General questions about movies, TV and more

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I just remembered a movie I saw a few years ago. I want to say it came out in the mid 00's but it might have been later or even earlier. I think it was about some kids living in an underground civilization in a city that was built to help them survive long enough for the nuclear waste lands that were now the Earth's surface to become inhabitable again. But for some reason they had stayed underground for thousands of years longer than they were supposed to and the city was starting to malfunction and becoming a danger. I seem to also remember giant mutant moles causing them problems also. And in the end of the film they get to the surface and are surprised to find that it's covered in green plant life and perfectly suitable for life now. What movie was this?

Quantom X Premium member

Chosen answer: "City of Ember", a 2008 film based on the 2003 book. Considered a box office flop.


Ah! That is the one. Thank you. I had forgotten about this film till it suddenly popped into my mind again. I remember liking it a lot and wanted to find it again.

Quantom X Premium member

In a lot of crime dramas, why is it when someone isn't aware that they committed a crime are they let go but in others they are arrested. Eg: In an episode of Law and Order: SVU, a teenage boy ends up raping his girlfriend's little sister but, he doesn't remember doing it because he was sleep walking so he was let go. In another crime drama, if somebody receives stolen property but was never aware that it was stolen, that person gets arrested.

Answer: It's called "drama" for a reason. Screenwriters seldom immerse themselves in legal fact, but almost always use legal consultants to just "fact check" their fictional work. As any attorney can tell you, it's virtually impossible to consolidate all of the intricacies of criminal or civil law into a one-hour television episode or a two-hour feature film. Even jury selection can last days or weeks, as the legal counsels attempt to explain "the law" and court procedure to jury candidates. So, anything you see in theatrical depictions of "the law" is often arbitrary and cherry-picked and sensational and has very little to do with the actual practice of law.

Charles Austin Miller

Answer: In general, there must be "mens rea" (guilty mind) or intent in order to be convicted of a crime. The defendant/accused had to be aware that a crime was being committed and there was no legal defense/ justification/ or excuse for committing the crime. There are usually exceptions to these general rules of law, such as "strict liability" offenses (merely committing the act makes the person guilty). Although a law cannot be vague, criminal statutes often must be interpreted (and one court's interpretation can be overturned by a higher court). The laws are not always clear-cut, legislators cannot necessarily foresee unusual acts that may or may not fall under a particular law or defense to committing a crime, juries are not always willing to convict defendants who appear to be guilty (think "OJ Simpson"), and so on. The legal drama shows often use very unusual situations and/or newly-decided cases to create a similar (perhaps bizarre) case that will have a dramatic or shocking outcome.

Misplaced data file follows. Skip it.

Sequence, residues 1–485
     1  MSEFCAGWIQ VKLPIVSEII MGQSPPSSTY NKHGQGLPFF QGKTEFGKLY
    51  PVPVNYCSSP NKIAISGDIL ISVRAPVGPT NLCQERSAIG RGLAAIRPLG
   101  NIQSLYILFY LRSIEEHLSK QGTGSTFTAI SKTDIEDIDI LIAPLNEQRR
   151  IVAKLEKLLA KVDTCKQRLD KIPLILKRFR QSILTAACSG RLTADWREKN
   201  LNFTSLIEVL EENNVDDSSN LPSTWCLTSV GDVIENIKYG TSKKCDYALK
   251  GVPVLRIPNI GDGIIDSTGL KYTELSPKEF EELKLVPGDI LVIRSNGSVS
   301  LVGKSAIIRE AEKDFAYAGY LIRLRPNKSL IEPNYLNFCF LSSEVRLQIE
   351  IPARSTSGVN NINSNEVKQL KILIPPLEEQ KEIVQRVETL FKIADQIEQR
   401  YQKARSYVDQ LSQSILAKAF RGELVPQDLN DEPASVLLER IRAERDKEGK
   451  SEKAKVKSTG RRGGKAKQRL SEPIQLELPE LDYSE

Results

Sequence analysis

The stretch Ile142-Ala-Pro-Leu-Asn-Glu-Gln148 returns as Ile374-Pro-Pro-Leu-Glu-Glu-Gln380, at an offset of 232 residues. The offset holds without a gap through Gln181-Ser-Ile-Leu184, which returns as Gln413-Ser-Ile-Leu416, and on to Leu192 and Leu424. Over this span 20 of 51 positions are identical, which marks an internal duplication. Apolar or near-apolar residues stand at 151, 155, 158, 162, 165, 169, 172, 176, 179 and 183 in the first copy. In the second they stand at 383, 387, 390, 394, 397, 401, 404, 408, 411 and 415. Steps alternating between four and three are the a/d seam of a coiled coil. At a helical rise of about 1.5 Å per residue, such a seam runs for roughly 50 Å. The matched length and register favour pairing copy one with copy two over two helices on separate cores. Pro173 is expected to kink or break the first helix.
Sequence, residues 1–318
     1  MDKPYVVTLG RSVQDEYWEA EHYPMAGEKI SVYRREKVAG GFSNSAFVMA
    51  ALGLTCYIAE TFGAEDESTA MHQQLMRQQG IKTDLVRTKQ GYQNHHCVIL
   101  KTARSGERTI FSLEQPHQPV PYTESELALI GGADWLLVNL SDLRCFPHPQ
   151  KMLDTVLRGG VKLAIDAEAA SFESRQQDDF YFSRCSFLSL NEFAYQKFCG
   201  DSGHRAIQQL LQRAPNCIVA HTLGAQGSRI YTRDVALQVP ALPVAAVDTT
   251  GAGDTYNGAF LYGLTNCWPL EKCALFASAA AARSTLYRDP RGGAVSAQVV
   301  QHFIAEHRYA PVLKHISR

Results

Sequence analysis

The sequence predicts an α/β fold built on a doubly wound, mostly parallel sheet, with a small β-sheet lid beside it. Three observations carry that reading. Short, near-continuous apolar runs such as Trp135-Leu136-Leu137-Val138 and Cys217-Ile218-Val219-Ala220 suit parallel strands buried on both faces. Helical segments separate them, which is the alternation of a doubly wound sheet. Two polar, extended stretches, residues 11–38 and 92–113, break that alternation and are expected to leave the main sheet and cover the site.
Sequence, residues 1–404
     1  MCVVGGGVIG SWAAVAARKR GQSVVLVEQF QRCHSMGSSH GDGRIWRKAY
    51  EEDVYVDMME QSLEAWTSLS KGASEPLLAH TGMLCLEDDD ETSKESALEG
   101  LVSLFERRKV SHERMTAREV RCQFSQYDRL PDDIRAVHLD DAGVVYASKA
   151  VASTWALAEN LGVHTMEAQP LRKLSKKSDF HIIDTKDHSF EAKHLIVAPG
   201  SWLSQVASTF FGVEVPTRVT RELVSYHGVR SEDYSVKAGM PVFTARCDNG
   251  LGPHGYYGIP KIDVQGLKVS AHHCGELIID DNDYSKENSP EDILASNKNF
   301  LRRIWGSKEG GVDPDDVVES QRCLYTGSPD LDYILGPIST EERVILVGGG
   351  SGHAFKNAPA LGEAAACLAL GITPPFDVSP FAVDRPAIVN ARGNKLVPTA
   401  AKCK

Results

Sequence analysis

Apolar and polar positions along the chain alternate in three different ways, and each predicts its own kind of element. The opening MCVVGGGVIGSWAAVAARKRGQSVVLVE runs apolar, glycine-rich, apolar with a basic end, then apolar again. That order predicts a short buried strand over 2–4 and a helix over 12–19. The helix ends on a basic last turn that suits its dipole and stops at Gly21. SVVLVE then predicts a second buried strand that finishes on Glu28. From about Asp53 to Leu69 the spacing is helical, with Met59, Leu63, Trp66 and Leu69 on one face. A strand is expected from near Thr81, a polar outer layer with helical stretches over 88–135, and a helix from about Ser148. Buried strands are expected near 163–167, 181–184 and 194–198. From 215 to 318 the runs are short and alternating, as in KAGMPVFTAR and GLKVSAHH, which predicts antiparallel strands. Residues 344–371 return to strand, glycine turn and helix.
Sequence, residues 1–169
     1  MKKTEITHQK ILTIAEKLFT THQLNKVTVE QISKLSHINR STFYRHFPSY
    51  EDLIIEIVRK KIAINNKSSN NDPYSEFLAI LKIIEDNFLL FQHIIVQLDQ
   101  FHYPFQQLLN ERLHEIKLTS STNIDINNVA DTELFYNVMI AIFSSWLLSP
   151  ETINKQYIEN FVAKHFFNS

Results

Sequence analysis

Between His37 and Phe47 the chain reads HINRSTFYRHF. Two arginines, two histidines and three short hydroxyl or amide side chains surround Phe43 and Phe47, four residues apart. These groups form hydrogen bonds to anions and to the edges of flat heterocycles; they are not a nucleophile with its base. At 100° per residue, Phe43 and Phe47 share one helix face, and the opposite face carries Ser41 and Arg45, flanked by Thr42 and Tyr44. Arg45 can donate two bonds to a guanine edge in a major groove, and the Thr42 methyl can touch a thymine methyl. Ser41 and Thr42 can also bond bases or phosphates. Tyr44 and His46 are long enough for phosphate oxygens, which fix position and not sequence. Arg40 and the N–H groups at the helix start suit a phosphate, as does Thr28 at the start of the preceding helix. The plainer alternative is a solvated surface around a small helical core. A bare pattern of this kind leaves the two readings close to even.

I have noticed a few movies where the shot looks as if a circular camera was used. An example is the kitchen at the very beginning in Scream. How and why are these shot?

Answer: It's all about using empty space to create anticipation. The lens used in the opening shots of "Scream" is a high-content cinematic lens used for extremely wide shots, capturing a huge horizontal image without much vertical distortion and giving the effect of spaciousness. In "Scream," this effect helps to emphasize the fact that Drew Barrymore is all alone in this very spacious house (almost always with Drew right in the middle of the shot) as the stalker keeps calling her on the phone. She suspects that the guy on the phone is watching her, so she is glancing frantically around the house; and the audience, too, is glancing around these big, roomy shots, expecting a jump-scare.

Charles Austin Miller

I live in Canada and I remember seeing a scene from either a movie or a TV show I would like to know what it was. All I remember is that a man was shovelling snow and the dog is outside with him and it starts barking and he looks at the dog. The scene changes and the wife and children come home and he tells them that the dog was hit by a car and killed. Later the wife finds a pitchfork or a shovel and a pile of blood in the snow. She then goes back inside and asks the husband what happened to the dog. He then goes all funny and he either takes his shirt off or he lifts it up. On his back something is written but it is backwards. The wife goes as gets a mirror and on his back are the words "The door is always open." I would really like to know what this scene was from so can anyone help me out?

There's an horror film, 80s maybe, with a weird bald dog, with bulging eyes. It looks revolting but the cast don't treat it as a threat until it bites someone, and they kill it. I thought it was Brain Dead, but haven't got a copy to check and can't find an image which matches it.

Answer: So there is an Australian film called "Braindead" (that was re-released in the U.S. as "Dead Alive") where a creature's bite would turn people into zombies. But I don't think it was ever treated as a non-threat. But it wasn't a dog, it was a Sumatran Rat-monkey. But it's an ugly, bald creature that could look like a dog. Here's a link to a page that has a picture of the creature so you can see if it's what you're thinking of.